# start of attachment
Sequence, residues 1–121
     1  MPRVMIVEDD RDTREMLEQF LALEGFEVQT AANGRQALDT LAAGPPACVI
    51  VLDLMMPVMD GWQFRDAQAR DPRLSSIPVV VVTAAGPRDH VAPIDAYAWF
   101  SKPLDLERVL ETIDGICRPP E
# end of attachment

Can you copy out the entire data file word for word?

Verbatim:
Sequence, residues 1–121
     1  MPRVMIVEDD RDTREMLEQF LALEGFEVQT AANGRQALDT LAAGPPACVI
    51  VLDLMMPVMD GWQFRDAQAR DPRLSSIPVV VVTAAGPRDH VAPIDAYAWF
   101  SKPLDLERVL ETIDGICRPP E